grandpadavehorse

Yes, I have proof this really happened, that’s me and grandpa Dave back in the day. 

He lived in Greeley his entire life, and worked for 32 Years at GM, many of you know him best from the Greeley Quick Shop aka the liquor store where he’d greet everyone with a big “how you doing today?,” and shoot the shit with anyone who had the time.

He was far from perfect, but who isn’t? There were things he liked and things he didn’t like and he’d always tell you which one was which. Regardless of which side you were on in those discussion, they were always lively; and his honesty and sincerity were two of his most admirable traits.

He will be greatly missed in the community, by his friends, and within our family.

I will say, that to this day, whenever I hear someone loudly sneeze three times in a row, I wait for the echoing GOD Damn It!!! I know I will never hear it again, but that God Damn It spirit will live on forever.

grandpafam

Grandpa Dave, me, Grandma Arlene, Mindy and Judy, Christmas 2011.





10 Randoms: Slut City Summer.

17 07 2012

1.) Our neighbors were gone for like 2 + weeks. They come back. And move out two days later. There goes our free internet and our porch chairs. Damn. Anyone looking for an apartment? It’s a cute one (with cute neighbors).

2.) I went to my first strip club the other night. Honestly, I thought I would hate it. I thought all the women would be Barbie-like with big fake boobs and tiny waists. But the opposite happened. The women were of many shapes and sizes, big boobs, little boobs, big butts, no butts, smiles, no smiles, Black, White, Asian; so many women making bank off of men. Good for them. Because until our entire system of oppressive capitalism changes. . . I say, shake what you got.  (If you’re doing it in an empowered conscientious way and not because you’re manipulated into it or feel like it’s your only choice.) Also, it made me feel more comfortable in my own skin. Seeing women of all shapes and sizes completely naked and embracing their sexuality was revealing–on multiple levels.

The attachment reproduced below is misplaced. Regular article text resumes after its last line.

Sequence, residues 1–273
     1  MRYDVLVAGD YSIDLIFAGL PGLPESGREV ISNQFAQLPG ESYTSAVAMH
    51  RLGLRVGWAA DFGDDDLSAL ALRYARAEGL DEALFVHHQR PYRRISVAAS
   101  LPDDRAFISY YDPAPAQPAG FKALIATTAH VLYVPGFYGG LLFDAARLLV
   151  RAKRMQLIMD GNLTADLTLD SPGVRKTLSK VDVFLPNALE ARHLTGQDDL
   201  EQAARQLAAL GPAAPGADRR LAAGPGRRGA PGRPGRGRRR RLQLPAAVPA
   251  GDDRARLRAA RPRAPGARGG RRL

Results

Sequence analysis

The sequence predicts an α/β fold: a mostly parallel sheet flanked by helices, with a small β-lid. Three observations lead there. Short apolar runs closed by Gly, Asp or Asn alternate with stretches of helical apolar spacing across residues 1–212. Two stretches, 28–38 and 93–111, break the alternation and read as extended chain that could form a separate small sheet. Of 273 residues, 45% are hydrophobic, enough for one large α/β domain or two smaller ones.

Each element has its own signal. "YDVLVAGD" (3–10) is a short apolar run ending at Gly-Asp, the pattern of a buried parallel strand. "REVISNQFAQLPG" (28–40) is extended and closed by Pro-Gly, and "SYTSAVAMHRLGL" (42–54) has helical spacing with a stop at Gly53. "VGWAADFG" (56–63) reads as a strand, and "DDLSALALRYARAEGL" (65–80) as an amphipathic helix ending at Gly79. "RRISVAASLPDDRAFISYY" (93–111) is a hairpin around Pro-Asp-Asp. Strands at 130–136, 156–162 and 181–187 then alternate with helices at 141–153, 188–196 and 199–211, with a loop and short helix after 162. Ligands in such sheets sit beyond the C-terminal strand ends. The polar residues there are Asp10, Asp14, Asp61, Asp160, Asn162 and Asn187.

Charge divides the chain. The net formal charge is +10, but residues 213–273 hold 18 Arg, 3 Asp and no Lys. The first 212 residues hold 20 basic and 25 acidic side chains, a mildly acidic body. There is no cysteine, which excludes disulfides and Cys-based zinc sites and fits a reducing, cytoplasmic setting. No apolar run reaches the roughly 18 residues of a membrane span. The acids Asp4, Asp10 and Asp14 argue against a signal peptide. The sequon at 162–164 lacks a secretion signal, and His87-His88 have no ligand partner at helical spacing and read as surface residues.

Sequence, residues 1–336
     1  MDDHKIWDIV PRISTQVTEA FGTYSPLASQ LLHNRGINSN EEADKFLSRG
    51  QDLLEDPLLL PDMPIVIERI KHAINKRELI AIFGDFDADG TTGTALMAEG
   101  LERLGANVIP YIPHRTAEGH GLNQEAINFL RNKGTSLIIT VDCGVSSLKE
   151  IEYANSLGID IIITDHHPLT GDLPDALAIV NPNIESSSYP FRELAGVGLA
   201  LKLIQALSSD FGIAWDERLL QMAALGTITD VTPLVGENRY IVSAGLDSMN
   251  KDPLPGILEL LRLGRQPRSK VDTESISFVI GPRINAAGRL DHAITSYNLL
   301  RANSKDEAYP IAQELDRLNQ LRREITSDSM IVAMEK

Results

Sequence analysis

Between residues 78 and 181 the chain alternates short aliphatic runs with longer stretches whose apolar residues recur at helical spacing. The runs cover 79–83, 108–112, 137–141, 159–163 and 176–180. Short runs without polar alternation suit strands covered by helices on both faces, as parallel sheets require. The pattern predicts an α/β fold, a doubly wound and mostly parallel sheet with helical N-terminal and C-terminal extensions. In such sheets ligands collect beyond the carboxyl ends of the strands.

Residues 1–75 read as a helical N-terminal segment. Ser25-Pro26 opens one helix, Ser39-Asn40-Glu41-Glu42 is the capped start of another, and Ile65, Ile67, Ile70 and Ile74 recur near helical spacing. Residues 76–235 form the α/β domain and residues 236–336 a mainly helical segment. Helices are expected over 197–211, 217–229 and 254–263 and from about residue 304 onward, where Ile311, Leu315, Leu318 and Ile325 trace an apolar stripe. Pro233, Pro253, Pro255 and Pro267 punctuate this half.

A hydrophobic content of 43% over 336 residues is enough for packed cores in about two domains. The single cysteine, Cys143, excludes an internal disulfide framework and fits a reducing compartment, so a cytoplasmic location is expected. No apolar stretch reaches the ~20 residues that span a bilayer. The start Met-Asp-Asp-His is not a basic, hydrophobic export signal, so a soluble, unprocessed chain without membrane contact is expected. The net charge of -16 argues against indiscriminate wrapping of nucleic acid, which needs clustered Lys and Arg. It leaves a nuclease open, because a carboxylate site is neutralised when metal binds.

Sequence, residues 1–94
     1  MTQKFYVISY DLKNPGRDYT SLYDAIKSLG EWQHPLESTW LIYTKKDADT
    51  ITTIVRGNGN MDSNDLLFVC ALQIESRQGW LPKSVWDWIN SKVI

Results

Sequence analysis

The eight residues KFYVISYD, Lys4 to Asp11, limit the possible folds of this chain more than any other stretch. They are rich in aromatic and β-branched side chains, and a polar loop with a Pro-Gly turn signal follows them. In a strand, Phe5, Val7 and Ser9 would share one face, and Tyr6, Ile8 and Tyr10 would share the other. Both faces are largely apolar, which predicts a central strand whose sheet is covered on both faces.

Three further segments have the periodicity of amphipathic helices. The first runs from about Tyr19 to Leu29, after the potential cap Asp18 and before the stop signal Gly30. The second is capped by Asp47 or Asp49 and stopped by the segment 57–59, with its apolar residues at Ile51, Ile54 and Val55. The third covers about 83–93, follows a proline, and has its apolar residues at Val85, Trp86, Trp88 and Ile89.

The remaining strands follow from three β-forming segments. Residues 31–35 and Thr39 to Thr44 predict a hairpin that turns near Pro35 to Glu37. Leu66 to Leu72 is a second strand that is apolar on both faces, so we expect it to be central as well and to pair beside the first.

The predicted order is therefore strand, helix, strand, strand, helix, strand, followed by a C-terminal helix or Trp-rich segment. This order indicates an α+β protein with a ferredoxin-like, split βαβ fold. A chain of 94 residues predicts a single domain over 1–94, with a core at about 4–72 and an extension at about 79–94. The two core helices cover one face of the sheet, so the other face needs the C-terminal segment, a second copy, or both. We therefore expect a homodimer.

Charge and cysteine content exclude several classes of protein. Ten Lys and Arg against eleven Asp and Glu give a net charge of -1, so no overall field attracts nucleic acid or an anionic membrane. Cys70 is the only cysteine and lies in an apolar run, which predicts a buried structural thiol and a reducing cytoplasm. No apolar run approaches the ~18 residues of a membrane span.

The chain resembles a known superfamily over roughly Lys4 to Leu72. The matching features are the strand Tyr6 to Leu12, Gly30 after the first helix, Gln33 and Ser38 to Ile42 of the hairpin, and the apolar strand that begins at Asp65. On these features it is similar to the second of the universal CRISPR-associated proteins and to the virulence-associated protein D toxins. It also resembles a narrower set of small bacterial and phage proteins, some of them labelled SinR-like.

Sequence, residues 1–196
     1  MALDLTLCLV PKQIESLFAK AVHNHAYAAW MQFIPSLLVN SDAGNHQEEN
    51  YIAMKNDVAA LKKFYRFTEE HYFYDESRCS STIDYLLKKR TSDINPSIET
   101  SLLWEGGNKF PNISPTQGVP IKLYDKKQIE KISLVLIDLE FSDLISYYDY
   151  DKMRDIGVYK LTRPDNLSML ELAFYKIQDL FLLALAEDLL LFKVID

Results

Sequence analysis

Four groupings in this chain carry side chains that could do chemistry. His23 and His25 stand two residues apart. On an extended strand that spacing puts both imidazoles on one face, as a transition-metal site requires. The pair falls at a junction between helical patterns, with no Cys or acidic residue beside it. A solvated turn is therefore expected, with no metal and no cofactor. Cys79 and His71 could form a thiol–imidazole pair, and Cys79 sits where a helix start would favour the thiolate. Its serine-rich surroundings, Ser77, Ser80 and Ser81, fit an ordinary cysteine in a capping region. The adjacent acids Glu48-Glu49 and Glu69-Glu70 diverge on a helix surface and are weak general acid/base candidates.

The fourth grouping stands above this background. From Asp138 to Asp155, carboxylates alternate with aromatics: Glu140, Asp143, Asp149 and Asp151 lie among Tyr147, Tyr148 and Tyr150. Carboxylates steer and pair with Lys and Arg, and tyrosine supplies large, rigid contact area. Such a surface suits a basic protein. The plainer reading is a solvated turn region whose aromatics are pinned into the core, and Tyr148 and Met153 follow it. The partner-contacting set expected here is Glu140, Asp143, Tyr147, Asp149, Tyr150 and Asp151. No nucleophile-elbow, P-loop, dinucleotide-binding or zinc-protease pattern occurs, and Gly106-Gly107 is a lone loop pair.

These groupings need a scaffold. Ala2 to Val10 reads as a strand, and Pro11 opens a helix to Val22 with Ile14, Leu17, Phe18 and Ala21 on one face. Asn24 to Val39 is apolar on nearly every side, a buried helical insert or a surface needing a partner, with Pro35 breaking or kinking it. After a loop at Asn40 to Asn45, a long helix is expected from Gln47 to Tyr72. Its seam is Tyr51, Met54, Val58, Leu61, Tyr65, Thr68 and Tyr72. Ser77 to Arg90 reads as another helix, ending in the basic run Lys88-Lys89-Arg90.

3.) Also, that very night I ended up at a random Reggae event. It was Black & White themed. Good thing I went or the “white” part of the theme probably wouldn’t have happened.

4.) I’ve been getting mega-creepers at work. Two in one week. And I’ve realized it’s incredibly difficult to tell other people how someone else is being creepy. Creepy is hard to describe because it’s not just what they say, but how they say it. It’s a look in their eye. It’s doing something awkward and taking too long of a time doing it. It’s lying and being terrible at it. Guess what creeps? Just because I sell sexy things doesn’t mean I want to have sexy time with you.